Diabetes has had a major impact on his life. "Diabetes is something that I wouldn't wish on anybody, it's a dreadful disease, a silent killer. "I've been living with it for the past 11 years. The video, "is something that stirred my heart because now we are seeing that even children are suffering from this disease. When you go out to the reservation, you see kids that are affected by this deadly disease, and schools push all the junk food in vending machines. Then we wonder why they can't do their homework or why they can't be productive in school or don't have the energy. It's very important if you want to be productive. To be able to contribute to society you must watch what you eat, exercise, and really take care of your body."

Recently, at the First Americans in the Arts award ceremony in Beverly Hills, I ran into Gary. He told me the Rez-Robics 'crew' was there to preview some video clips and to perform a short 'rezorcise' on stage. Drew, as usual was the star of silly antics. He and Elaine didn't exactly follow the instructors (Pam or Reggie) moves.

After 'rezorcising' to the Rez-Robics video clip, zany Drew had the audience roaring with laughter with his irrepressible antics and humor. Wearing a 'sexy' one-piece outfit. When he did the video he was asked what he wanted in return, Drew said, "A leopard skin outfit, then they made me put it on!"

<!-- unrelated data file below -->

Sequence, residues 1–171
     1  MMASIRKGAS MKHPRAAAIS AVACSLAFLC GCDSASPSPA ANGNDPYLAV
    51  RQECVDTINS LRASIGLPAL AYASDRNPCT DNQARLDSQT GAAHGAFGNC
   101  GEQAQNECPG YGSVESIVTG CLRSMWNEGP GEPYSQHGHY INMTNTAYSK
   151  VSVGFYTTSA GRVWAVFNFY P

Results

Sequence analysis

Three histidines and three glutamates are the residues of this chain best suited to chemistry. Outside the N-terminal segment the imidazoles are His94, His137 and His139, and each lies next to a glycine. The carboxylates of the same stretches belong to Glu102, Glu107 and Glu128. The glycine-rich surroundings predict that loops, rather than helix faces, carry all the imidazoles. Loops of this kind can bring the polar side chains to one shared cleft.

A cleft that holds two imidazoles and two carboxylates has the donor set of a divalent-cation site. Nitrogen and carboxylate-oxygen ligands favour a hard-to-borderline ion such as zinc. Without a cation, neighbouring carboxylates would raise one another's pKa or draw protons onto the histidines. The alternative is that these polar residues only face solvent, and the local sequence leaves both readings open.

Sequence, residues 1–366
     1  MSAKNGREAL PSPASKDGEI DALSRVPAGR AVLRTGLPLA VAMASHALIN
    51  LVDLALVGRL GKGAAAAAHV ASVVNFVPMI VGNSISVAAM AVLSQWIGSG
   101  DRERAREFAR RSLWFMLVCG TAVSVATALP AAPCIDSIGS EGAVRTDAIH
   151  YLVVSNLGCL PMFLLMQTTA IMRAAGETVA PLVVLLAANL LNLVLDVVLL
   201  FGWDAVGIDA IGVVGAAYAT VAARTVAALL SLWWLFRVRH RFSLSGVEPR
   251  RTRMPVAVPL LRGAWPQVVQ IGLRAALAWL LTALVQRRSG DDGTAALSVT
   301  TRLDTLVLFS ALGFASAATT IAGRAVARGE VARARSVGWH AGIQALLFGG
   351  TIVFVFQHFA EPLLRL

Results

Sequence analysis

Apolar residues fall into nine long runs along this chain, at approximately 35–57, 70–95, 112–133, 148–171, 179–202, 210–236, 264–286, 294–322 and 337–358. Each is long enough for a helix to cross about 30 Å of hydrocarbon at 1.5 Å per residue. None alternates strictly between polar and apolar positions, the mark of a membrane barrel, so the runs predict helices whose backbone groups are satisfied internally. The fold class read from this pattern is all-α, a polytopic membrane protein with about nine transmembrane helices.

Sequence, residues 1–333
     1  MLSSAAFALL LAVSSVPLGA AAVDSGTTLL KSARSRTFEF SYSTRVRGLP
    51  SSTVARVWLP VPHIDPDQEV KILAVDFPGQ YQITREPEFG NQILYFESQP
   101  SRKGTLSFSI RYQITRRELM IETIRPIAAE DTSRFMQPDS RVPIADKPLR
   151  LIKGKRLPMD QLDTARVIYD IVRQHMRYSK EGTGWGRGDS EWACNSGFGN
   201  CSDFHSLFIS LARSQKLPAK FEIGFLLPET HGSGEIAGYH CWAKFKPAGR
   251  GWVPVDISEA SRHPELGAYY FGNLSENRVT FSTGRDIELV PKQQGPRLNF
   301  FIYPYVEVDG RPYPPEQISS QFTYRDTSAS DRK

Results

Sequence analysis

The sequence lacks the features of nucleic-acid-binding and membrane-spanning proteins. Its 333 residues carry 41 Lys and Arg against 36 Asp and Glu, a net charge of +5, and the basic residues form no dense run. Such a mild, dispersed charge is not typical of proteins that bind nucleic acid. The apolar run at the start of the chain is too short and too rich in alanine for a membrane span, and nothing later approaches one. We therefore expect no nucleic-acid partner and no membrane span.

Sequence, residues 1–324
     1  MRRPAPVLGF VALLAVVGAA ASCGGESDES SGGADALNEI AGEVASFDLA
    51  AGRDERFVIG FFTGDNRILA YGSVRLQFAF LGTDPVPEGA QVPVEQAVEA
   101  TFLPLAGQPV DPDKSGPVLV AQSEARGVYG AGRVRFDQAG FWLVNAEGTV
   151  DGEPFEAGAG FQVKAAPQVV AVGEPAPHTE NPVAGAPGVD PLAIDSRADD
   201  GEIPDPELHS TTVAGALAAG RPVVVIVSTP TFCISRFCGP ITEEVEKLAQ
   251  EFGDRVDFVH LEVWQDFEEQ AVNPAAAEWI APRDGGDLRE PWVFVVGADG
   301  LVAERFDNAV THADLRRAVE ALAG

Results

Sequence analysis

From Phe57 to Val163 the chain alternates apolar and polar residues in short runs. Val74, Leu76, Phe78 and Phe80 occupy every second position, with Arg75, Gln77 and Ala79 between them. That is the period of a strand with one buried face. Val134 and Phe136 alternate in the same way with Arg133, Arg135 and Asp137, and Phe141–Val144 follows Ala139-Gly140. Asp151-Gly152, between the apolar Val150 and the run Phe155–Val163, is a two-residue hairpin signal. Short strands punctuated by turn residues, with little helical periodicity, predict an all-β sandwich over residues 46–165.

He told the audience how finding out about his diabetes changed his life in many ways. "I used to be 300, I lost 100 pounds, now I only have 1 1/2 chins. My wife said, 'look at him he looks like a skinwalker, he's shapeshifting!'"

Before leaving the stage he became serious for a moment saying, "We are going to take control of diabetes. We don't want to be victims anymore."

Rez-Robics comes to you with humor, and laughter. The whole group enjoyed making being a part of the production. They hope that you too, will be laughing as you begin movin' to the groove of Rez-Robics.

Pam wants to thank the following "people and organizations that have helped us out tremendously: John and Veronica Montoya of Isleta Pueblo, Tom Bee of Sound of America Records, NikÈ Native American Diabetes Program, Sam McCracken, Downtown Health Club of Gallup, and New Mexico Sports and Wellness."

'How do I get the Rez-Robics video's and how much do they cost!?' you ask.

Made possible with a grant, the set (2) is available free-of-charge to Indian country. One video has it all, the second, just the 'rezorcise' portion. Producers Gary and Pam hope anyone that has duplication capabilities will copy it and give a copy to family and friends. "We want it everywhere in Indian Country."

NOW AVAILABLE throughout Indian country:
If you live on or near the Navajo Nation, call 800-549-5644.
Otherwise send a SASE and enclose a 12x15-priority mail envelope (found at the post office) with a priority stamp on it. Mail this to DreamCatchers, Inc., 23852 Pacific Coast Highway # 766, Malibu, CA, 90265.

Soon, you too will be movin' to the groove of Rez-Robics.
Suzanne Westerly travels the southwest, and is currently based in Santa Fe, NM.
POB 31340
Santa Fe, NM 87594
P/F 505-989-1968 cell 505 -670-1644